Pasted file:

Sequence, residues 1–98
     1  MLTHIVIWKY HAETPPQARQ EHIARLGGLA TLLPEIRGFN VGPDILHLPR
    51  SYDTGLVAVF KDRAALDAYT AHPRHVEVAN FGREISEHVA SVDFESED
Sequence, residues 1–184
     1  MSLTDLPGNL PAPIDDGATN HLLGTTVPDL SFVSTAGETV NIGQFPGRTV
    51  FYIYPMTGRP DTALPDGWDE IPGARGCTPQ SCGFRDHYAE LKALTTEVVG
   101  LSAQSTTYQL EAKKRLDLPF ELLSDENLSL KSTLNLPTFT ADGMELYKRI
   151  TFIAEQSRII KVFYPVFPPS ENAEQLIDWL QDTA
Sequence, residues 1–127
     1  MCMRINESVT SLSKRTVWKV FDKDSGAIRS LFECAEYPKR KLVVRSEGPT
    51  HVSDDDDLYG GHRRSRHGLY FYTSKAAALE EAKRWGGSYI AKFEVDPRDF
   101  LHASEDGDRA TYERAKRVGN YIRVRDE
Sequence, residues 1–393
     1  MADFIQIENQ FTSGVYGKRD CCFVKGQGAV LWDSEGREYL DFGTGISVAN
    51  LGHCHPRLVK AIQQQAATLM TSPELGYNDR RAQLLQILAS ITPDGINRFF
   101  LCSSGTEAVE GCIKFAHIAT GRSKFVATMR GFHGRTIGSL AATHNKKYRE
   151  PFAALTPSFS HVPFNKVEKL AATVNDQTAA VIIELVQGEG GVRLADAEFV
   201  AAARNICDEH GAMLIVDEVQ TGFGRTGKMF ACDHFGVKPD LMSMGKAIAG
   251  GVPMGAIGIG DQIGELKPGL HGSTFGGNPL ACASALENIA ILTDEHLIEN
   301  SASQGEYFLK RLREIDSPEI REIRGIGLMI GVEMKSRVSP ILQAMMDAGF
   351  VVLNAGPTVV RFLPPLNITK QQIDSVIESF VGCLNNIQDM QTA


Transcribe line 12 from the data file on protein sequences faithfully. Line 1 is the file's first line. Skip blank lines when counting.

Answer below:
   101  LHASEDGDRA TYERAKRVGN YIRVRDE